In my last blog, I discussed the positive aspects of putting off retirement and working longer. But what if you’re stuck in a job you hate? Maybe you feel work just isn’t challenging or rewarding. The days are monotonous, tedious, and dull. Perhaps you feel underutilized as you repeatedly perform seemingly minute tasks.
Don’t give up hope. Here are a few things to keep in mind:
Don’t hate me for this first piece of advice, just give it some thought. Sometimes a job becomes uninteresting because you cease to be interested and engaged in work and therefore stop being innovative or creative. Try and look for ways to become more productive, take pride in your work, and involved in diversified activities. Honor the place you work for its ability to provide sustenance and put food on your table. Find satisfaction by striving for excellence. Be motivated to find ways to bring a smile to your face as well as bring some joy into the lives of your co-workers.
Research shows that people aren’t happy because they’re successful; they are successful because they are happy. Happier people are generally more motivated, easier to work with, and willing to tackle a difficult assignment. Once again, attitude comes to play – how you feel about your job and the people you work with will influence the quality of your work. You might also consider asking your supervisor what you can do to improve your skills and earn a promotion for a more satisfying, interesting, and rewarding position in the company.
Or maybe it’s time to reconsider your career path. Why not take a career aptitude test to determine which jobs match your skills, passions, and interests? Follow up by taking the necessary steps to attain the training you need by taking classes at your local community college or volunteering to get the experience you need. If you’ve always dreamed of following your passion, it’s never too late. Maybe you can scale back on your expenses to pursue a personally rewarding career that offers less money. Start saving money and make the necessary sacrifices now to support your endeavors.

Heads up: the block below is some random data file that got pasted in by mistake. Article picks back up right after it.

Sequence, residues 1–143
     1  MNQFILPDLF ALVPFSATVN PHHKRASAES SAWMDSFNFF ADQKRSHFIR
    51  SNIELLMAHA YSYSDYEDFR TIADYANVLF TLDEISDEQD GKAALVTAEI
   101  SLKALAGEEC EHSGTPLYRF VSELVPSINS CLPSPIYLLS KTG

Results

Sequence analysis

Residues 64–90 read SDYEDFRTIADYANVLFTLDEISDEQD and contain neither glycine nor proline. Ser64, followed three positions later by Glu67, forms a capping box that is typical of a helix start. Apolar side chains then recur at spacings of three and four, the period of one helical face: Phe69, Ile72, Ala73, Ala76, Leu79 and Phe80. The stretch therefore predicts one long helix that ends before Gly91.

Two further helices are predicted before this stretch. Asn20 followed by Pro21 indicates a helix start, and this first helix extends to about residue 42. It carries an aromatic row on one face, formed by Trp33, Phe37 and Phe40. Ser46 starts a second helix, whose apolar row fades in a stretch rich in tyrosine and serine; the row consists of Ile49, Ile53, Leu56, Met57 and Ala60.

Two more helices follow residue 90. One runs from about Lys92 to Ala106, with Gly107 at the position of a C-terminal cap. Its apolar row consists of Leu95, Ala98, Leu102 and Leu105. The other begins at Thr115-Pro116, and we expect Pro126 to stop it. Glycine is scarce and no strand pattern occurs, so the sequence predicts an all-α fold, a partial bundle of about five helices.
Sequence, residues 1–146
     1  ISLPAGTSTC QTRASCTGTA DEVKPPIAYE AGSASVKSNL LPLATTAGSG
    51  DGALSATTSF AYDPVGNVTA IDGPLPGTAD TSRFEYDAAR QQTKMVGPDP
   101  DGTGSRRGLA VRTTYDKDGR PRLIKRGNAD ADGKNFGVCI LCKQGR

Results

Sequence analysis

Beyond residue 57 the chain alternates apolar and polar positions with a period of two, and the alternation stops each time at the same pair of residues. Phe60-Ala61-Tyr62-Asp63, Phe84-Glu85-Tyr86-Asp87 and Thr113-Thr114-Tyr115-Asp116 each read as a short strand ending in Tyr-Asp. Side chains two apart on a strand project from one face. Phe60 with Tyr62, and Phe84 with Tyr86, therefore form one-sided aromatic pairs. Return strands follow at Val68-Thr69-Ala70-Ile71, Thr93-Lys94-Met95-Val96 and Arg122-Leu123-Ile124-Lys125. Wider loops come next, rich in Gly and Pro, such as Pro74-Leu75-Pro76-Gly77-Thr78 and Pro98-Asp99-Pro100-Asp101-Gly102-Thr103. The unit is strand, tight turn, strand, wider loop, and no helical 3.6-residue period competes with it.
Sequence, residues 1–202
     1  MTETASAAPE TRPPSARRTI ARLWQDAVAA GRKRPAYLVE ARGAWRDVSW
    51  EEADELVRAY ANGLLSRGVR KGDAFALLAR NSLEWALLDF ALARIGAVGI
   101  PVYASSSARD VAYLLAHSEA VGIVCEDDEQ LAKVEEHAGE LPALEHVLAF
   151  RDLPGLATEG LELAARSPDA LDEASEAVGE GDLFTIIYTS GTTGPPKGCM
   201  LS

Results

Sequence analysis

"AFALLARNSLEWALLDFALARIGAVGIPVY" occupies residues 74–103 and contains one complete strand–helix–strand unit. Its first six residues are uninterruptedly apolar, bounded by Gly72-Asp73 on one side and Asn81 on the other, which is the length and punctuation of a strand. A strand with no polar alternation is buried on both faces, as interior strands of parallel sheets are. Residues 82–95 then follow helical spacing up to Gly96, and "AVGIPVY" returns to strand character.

Ron Klotchman, 49, is a boomer who did just that. He had been working at a desk job he found unfulfilling for 14 years as a customer service representative, call center trainer, and manager. As the company scaled back during the recent economic downturn and laid off most of its workers, his manager told Ron not to worry because his job was secure. Although that should have been good news, Ron had mixed feelings. He was simply burnt out and dreamed of becoming a full-time artist.
“One day I finally felt the new quotas at work were deliberately becoming unreachable,” Ron says. “I discussed quitting with my wife and within an hour made the decision.”
He is still happy with his decision to leave and has never looked back. “About 90 percent of the company got the ax and the few times I went back to visit, the misery in the eyes of the 10 people that were left in this tiny cramped room finally convinced me I was right,” he says. “Now I have no misgivings. My health has improved from greatly decreased stress. I stopped being angry all the time as I reclaimed my creative roots as a full time artist.”
With the support of his wife’s income and money from the sale of his home, Ron picks up odd jobs as an art model and teaching art classes and began showing his work at a co-op gallery. “I was able to make this life transition because we were financially solvent, frugal, and because I have been fatalistic since my father died suddenly when I was 31. I decided to live and be happy while I could because life is short.”
Maybe you can follow a similar path. Surprisingly, recent evidence suggests career changes work out well for the overwhelming majority of older workers. This is true whether they changed jobs to follow their passion or were forced to change careers due to the struggling economy. In fact, a recent AARP study found that older workers and retirees moving into different lines of work enjoyed their new jobs more – even if it meant less pay, fewer benefits, and lower prestige. Why? Career changes often result in reduced stress and flexible work schedules.
And finally, don’t become so invested in your job that you lose sight of your personal life. Look for happiness outside your job with people you love, volunteer work that gives you a sense of fulfillment, and opportunities for personal growth.